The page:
Seasonal influenza vaccines: Questions and answers for consumers
Influenza virus causes infections in the throat, nose, airways and sometimes the lungs. Symptoms usually develop suddenly and typically include fever, tiredness, chills, muscle aches, headache, cough, poor appetite, sneezing and runny nose.
The influenza virus can cause mild to severe illness, and at times cause complications such as pneumonia and bronchitis, which require hospitalisation and can sometimes lead to death. Influenza can also make some underlying medical conditions worse.
The seasonal influenza vaccine is an annual vaccination that protects against the influenza virus.
The influenza vaccine exposes your immune system to the virus without the risk of catching the disease. When your immune system encounters a virus for the first time, it creates an antibody specifically designed to fight that virus. Your immune system retains a memory of this antibody and is able to rapidly release thousands of copies the next time it encounters the virus. As your immune system is able skip the process of producing a new antibody, it is able to act much faster and prevent infections before they start causing symptoms.
Some viruses, like the seasonal influenza virus, change very quickly and so your immune system does not recognise it the next time it's exposed and must create a new antibody. Making a new antibody takes time, so if you encounter the influenza virus without having been first vaccinated, your immune system will not be able to create the new antibody quickly enough to prevent infection.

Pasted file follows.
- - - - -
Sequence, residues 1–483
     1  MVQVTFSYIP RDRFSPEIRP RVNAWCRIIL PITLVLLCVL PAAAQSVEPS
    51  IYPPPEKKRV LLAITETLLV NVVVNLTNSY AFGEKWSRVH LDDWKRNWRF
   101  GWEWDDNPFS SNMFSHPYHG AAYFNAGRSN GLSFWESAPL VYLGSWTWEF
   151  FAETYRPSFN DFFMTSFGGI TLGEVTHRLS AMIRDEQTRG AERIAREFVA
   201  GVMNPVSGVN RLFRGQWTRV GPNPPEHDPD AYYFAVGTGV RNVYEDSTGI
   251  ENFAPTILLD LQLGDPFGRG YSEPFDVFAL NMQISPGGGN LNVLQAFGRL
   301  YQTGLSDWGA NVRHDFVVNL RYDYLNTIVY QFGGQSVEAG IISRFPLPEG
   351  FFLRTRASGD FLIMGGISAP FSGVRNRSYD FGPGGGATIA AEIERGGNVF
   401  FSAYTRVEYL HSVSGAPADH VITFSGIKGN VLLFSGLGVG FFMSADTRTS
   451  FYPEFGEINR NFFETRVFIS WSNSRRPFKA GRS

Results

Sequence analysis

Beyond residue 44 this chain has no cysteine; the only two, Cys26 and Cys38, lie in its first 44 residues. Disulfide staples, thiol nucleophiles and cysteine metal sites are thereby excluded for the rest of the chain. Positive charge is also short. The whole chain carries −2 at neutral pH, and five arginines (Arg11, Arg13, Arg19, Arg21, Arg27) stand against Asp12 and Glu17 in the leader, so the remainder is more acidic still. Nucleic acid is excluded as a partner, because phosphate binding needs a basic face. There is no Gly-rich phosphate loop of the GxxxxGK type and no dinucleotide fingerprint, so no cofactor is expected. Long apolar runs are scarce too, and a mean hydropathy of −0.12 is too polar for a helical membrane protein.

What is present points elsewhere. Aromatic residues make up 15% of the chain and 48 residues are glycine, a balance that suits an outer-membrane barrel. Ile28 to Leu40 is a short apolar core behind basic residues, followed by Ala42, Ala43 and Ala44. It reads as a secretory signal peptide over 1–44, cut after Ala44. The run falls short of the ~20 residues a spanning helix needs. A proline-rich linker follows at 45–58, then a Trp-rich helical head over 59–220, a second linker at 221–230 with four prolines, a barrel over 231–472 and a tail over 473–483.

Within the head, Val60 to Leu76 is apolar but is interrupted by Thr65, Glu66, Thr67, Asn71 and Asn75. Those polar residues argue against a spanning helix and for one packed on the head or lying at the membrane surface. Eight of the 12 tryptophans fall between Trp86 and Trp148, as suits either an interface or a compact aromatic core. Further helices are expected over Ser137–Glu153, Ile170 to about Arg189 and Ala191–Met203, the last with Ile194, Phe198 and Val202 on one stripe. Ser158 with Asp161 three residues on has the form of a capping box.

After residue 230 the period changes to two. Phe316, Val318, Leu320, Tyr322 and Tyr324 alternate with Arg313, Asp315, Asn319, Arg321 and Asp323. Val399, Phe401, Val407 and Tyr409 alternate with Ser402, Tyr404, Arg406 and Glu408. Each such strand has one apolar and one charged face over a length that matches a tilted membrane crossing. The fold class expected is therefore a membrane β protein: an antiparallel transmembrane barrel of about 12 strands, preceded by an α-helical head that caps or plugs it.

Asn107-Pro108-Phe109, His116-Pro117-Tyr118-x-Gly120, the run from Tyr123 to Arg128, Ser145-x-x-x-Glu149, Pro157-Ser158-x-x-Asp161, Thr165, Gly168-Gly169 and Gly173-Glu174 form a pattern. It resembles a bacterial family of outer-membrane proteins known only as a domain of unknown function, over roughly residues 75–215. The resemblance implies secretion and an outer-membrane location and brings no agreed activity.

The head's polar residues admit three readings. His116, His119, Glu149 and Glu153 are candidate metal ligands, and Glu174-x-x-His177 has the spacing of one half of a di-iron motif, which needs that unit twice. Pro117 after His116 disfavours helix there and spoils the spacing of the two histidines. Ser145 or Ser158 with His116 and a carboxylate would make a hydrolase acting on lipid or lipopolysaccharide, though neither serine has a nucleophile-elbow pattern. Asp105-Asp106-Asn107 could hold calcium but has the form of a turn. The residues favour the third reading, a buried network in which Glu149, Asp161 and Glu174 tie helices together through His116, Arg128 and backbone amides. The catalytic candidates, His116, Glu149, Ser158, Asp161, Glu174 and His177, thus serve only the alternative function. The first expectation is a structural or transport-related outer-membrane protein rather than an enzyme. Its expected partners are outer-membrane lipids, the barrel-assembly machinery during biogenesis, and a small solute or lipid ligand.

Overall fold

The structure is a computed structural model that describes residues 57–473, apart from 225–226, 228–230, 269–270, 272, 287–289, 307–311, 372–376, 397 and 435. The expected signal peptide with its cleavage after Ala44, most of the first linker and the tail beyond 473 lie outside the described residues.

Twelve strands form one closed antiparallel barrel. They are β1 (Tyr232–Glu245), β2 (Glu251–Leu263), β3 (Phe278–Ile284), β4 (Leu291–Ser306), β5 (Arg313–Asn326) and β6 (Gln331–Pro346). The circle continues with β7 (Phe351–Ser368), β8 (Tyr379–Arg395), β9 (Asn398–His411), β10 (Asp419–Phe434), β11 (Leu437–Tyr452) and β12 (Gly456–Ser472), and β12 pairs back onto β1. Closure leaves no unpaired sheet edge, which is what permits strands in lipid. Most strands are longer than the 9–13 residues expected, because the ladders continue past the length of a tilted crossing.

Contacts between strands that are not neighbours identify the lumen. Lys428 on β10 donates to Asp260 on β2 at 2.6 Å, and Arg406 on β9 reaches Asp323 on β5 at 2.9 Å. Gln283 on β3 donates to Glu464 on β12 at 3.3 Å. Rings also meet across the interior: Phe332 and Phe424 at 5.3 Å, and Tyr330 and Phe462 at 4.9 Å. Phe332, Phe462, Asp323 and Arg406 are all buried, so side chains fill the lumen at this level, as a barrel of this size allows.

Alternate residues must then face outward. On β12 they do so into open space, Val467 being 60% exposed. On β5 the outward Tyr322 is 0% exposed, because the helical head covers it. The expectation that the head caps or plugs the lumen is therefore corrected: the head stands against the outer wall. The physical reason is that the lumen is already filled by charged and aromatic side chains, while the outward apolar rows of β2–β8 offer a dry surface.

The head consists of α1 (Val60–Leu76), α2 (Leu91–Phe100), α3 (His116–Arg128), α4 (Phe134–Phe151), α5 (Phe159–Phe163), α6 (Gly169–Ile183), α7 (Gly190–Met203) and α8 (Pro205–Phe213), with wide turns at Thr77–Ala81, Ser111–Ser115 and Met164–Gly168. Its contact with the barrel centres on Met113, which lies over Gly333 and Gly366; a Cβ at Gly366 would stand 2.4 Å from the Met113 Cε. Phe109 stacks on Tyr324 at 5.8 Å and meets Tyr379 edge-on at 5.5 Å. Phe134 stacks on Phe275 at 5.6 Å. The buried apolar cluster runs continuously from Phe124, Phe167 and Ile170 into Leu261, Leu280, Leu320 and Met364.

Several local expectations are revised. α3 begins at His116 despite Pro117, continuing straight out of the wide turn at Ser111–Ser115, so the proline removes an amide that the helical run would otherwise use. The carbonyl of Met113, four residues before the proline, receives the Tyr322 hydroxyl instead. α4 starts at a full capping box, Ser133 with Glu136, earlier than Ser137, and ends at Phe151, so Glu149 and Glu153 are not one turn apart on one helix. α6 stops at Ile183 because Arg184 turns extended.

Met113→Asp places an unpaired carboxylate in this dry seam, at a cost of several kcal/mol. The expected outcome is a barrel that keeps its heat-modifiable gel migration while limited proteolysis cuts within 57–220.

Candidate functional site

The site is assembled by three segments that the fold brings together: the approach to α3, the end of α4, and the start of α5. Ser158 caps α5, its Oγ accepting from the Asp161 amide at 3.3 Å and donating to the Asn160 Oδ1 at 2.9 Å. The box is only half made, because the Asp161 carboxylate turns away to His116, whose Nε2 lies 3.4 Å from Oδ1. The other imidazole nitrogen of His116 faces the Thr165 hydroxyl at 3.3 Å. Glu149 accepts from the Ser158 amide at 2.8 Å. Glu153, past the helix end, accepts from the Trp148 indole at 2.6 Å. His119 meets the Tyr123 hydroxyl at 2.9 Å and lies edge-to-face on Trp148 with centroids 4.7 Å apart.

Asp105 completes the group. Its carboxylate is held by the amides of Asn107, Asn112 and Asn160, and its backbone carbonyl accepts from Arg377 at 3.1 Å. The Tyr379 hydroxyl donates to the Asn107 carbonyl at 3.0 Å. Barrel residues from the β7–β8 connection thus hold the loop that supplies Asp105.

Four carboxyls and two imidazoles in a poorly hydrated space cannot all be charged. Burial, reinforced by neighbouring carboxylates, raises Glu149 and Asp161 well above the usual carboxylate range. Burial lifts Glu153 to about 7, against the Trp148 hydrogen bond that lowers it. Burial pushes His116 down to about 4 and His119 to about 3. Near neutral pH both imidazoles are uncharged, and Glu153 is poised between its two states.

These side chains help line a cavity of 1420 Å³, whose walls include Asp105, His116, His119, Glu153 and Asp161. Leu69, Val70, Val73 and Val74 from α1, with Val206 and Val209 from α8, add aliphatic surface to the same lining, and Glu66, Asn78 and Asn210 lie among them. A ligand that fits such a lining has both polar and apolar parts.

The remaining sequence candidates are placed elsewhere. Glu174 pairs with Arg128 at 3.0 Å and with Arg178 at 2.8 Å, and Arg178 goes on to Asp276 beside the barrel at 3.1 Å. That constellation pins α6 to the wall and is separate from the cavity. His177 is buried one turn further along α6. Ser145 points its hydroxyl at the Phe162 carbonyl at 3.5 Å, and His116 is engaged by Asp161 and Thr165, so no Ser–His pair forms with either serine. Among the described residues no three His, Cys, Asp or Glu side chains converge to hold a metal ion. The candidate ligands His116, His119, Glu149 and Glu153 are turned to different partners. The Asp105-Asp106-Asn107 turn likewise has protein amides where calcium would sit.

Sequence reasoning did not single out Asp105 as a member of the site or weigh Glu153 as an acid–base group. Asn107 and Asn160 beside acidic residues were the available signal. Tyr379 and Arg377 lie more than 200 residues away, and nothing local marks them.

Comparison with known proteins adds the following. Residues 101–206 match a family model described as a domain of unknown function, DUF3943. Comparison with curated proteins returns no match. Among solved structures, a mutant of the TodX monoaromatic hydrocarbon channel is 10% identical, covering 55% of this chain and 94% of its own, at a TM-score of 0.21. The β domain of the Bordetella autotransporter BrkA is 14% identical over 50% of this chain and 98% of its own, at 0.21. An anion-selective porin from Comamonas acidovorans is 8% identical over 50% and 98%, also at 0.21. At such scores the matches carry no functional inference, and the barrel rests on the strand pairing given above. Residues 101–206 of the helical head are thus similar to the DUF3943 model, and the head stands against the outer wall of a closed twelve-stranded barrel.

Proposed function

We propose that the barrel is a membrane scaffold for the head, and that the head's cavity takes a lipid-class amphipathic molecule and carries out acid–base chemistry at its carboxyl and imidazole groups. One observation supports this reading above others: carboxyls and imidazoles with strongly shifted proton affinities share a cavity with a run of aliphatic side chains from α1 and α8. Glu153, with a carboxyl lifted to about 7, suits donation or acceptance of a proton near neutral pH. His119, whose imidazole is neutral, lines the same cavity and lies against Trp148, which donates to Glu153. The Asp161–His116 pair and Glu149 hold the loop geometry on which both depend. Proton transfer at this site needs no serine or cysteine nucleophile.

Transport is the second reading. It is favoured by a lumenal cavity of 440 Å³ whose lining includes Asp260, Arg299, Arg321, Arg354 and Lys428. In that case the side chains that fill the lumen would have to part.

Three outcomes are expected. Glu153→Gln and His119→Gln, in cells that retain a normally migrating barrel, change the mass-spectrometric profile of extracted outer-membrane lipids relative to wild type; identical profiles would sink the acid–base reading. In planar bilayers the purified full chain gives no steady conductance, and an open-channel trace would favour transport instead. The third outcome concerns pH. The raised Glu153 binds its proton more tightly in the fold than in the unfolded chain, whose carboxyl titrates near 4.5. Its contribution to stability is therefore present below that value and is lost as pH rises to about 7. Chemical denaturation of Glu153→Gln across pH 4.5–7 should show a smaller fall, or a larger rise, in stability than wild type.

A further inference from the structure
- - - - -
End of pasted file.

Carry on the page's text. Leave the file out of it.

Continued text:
Influenza vaccines change each year because the virus is constantly changing. As a result, the decision about the composition and production of the influenza vaccines happens on an annual basis for both the southern and northern hemispheres.
The Therapeutic Goods Administration (TGA) works with the Australian Influenza Vaccine Committee (AIVC) and the World Health Organization (WHO) to determine which strains of influenza should be included in the annual vaccine.
The TGA is responsible for deciding which strains are included in influenza vaccines for Australia. The TGA takes advice from AIVC, who consider recommendations from WHO as well as analyse data on virus circulation in Australia.
For a description of the TGA's role in the approval of the composition of seasonal influenza vaccines, see the annual Sourthern Hemisphere production and regulatory approval timeline.
In Australia, influenza vaccines are regulated by the TGA under the Therapeutic Goods Act 1989 (the Act). All vaccines must be entered in the Australian Register of Therapeutic Goods (ARTG) before they can be imported into, supplied in, or exported from Australia.
For a vaccine to be entered in the ARTG, a sponsoring company is required to make an application to the TGA and provide data to support the quality, safety and efficacy (effectiveness) of the product. This data is rigorously evaluated by the TGA to ensure the benefits of using the vaccine outweigh the risks.
The TGA also undertakes a batch release and batch testing programme for the influenza vaccine. Under this program, the TGA assesses the production data, quality control data, sterility and potency of each batch of vaccine before it's released onto the Australian market.
If you or someone you are caring for experiences an unexpected side effect from the influenza vaccine, or any other vaccine, please speak to a health professional in the first instance.
You can also report the side effect to the TGA to help us monitor the safety of vaccines. When people tell us about their experiences using a particular medicine or vaccine, it helps us to understand more about the possible side effects that may be previously unknown.
- If you would like to read more about the influenza vaccine, including who is eligible for vaccination under the National Immunisation Program and specific information for different age groups and populations, please visit the Department of Health's Immunise Australia Program website.